Re: [MOL] Jean [00230] Medicine On Line


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Re: [MOL] Jean



Welcome to our wonderful forum.  Just about all of us have been bounced out
of the chat room; but we'll try again tonight and see what happens.

What stage are you, and what treatments are you on Jean?

 Vitamins and Nutritional Supplements News

Fat intake and nausea and vomiting during pregnancy

A new study concludes that women whose pre-pregnancy diets are relatively
high in saturated fat are at increased risk of severe nausea and vomiting
(hyperemesis gravidarum)in early pregnancy. Note: hyperemesis gravidarum can
lead to dehydration, weight loss, and, in very severe cases, liver and
kidney damage. Researchers at Boston's Brigham and Women's Hospital studied
87 women who experienced little nausea or vomiting during pregnancy and 44
who were admitted for hyperemesis gravidarum to collect data. The study
found that, for each additional 15 grams of saturated fat consumed per day,
women had a five-times increased risk of developing hyperemesis gravidarum.
Authors note that intake levels of monounsaturated or polyunsaturated fat
did not appear to affect the risk of the condition. The study is in the
journal Epidemiology (1998;9:636-640).

MedBriefs (INC inc.) 10/28/98

Possible factors affecting the risk of Alzheimer's disease

A recent report suggests a link between the risk of developing Alzheimer's
disease (AD), high levels of the amino acid homocysteine, and low levels of
folate and vitamin B12. Researchers at the University of Oxford, England,
studied 164 patients diagnosed with Alzheimer's-type dementia, 76 of whom
had histologically confirmed Alzheimer's, to collect data. It was found that
59% of those patients with confirmed AD had total homocysteine levels in the
top 33% of all participants and that 76% of these patients had serum folate
and vitamin B12 levels in the bottom 33% of all participants. Authors say
the findings are important in that they suggest it may be possible to
prevent AD in some populations. The report was presented at the 17th annual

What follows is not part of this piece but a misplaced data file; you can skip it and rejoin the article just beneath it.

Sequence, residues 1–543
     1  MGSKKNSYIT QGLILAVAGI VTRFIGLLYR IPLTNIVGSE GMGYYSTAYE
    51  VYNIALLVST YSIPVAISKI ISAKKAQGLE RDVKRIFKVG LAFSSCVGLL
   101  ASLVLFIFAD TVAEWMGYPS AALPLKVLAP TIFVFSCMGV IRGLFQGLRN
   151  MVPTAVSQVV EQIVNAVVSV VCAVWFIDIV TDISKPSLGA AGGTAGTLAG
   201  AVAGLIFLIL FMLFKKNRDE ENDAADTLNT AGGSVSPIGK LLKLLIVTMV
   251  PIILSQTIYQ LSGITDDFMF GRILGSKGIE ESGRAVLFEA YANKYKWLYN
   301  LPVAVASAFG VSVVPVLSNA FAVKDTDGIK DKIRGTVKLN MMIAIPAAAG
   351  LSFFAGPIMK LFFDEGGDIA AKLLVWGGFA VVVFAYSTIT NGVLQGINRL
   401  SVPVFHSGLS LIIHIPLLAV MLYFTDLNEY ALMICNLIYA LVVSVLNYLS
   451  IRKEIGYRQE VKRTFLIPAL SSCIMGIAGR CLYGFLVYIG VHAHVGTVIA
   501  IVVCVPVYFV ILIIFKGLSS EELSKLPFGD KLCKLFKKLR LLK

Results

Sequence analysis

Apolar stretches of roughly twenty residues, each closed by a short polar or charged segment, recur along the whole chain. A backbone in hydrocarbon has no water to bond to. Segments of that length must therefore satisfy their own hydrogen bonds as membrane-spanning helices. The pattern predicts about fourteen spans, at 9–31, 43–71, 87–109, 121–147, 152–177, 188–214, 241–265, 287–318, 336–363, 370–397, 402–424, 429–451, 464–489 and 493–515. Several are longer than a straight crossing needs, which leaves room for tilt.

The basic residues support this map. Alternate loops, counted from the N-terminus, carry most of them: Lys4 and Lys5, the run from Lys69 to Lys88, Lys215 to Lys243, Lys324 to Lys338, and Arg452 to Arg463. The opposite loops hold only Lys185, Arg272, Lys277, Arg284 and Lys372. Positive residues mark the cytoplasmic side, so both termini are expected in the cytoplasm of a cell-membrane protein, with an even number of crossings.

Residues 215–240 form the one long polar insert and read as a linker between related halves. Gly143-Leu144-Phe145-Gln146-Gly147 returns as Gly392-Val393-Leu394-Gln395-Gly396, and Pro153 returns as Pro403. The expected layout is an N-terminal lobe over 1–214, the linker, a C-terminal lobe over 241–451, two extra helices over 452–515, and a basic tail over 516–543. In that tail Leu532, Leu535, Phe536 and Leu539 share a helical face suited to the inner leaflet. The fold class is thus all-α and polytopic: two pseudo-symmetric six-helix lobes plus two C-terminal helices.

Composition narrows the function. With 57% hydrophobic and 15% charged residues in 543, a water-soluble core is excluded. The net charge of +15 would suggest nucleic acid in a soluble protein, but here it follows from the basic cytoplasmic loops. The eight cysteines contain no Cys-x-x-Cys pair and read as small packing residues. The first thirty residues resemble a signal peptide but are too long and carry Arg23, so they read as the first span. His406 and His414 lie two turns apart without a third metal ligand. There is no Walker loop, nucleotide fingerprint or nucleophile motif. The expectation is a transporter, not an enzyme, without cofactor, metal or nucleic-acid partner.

science reporters conference of the American Medical Association (October
18, 1998) and will be published in the Archives of Neurology (November,
1998).

MedBriefs (INC inc.) 10/26/98

Meat intake and colon cancer risk

A new study suggests that high consumption levels of white meat may be
linked to an increased risk of colon cancer. Note: increased colon cancer
risk has been long associated with the consumption of red meat. Researchers
at the University of California studied data from the ongoing Adventist
Health Study of more than 34,000 California Seventh Day Adventists to reach
their conclusion. The study found that the strongest risk factor for colon
cancer among food-related variables was total meat intake, with those people
who ate red meat at least once per week having a 38% increased risk of the
disease, compared to those who abstained from red meat, and those who
consumed white meat having a 55% increased risk of the cancer, compared to
those who did not eat white meat. Authors note that the risk of colon cancer
increased with the overall level of meat consumed and that only one type of
food -- legumes -- was associated with a decreased risk of the cancer. The
study is in the American Journal of Epidemiology (1998;148:761-774).

MedBriefs (INC inc.) 10/25/98

Are you newly diagnoised?  Just ask and we will help you in any way
possible.  Your friend, lillian

-----Original Message-----
From: Jean Lunn <spacey@wworld.com>
To: mol-cancer@lists.meds.com <mol-cancer@lists.meds.com>
Date: Tuesday, March 02, 1999 6:53 PM
Subject: Re: [MOL] CHAT ROOM BOUNCED ME OUT


>HI everyone! I have been trying to get on the chat room, I am receiving
>email from MOL but am new on the computer, and am not getting through to
>the chat line or room? Can You help? I am a new cancer pt. (colon) and
>have not seen any thing on the email about cancer of the colon. Can you
>advise?
>Thank You,
>Jean Lunn
>spacey@wworld.com
>
>
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